5. Think about the scenery at where the joins will be. The break can sometimes be camouflaged by [removable] trees . A friend of mine “hid” the separation points on his 3-section modular layout by having them separate down the center line of a road and at the base of a sheer cliff where it met a river.

  • Toned Fsays:

    Re the question of the buildings. If you have a look at my video below you will see how I’ve used modules for most of my buildings.

  • JR Edwardssays:

    Divide the layout into three distinct modules, basically as described already, What you going to achieve is to turn each section into and individual packing case, the layout being the base, four reinforced sides and a screw-down lid.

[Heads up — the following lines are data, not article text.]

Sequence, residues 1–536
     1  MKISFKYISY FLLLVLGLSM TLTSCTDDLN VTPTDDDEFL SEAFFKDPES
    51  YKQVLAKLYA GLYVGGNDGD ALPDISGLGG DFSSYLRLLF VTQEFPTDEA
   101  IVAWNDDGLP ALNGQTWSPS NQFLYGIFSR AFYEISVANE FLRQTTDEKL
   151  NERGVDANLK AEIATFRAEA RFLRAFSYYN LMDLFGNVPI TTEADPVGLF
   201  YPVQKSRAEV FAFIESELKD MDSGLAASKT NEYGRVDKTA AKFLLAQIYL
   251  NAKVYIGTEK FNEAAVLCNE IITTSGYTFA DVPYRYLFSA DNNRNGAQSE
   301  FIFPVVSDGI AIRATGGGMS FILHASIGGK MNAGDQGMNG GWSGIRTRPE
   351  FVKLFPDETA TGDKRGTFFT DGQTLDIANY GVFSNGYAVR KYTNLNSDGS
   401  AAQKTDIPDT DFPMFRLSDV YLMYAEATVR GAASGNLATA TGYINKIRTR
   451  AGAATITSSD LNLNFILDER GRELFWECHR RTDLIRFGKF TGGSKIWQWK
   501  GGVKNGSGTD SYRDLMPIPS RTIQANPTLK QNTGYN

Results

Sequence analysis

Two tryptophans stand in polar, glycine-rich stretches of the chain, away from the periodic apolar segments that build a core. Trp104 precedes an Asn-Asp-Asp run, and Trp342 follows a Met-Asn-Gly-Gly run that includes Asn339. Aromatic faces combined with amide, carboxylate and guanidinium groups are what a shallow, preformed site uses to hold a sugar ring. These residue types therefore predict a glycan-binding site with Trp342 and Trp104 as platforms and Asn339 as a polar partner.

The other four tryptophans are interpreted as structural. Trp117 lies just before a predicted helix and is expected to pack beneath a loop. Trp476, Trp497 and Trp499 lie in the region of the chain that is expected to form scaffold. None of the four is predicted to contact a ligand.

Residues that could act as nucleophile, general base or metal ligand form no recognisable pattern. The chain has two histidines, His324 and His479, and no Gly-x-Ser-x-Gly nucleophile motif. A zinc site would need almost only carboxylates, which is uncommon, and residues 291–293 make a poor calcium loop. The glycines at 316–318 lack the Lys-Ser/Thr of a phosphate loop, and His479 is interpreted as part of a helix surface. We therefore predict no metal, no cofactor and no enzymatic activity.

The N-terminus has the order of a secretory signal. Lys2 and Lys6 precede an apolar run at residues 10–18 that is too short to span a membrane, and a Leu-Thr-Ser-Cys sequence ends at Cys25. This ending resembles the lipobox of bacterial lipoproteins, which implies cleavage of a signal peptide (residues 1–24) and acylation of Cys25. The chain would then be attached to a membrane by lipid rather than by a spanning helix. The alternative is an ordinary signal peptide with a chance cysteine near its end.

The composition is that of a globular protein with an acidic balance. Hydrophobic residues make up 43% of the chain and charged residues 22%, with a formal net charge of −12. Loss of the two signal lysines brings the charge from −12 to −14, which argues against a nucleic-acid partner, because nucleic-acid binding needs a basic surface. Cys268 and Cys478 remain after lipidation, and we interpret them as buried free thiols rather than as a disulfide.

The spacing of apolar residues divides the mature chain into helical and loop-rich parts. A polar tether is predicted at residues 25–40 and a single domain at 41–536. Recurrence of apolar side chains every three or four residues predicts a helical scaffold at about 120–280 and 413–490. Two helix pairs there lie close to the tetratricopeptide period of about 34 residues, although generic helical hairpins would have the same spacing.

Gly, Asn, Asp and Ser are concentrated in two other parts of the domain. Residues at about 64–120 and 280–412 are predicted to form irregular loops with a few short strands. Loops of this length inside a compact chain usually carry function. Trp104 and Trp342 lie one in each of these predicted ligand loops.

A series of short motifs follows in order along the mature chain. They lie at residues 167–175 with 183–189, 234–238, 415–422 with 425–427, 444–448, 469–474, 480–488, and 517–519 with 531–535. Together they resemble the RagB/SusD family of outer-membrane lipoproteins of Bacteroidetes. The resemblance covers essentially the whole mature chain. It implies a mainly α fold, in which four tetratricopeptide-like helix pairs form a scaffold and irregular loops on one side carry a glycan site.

This way it can be dismantled easily and once built up, a few minutes per section stacked transported without damage to the layout, you need to remove nothing scenery wise and it can be stored and reassembled at any time chosen, I have a couple of previous layouts stored this way, the crates sealed in plastic wrap, apart from track cleaning they both work fine when needed.

  • Sheldon Clarksays: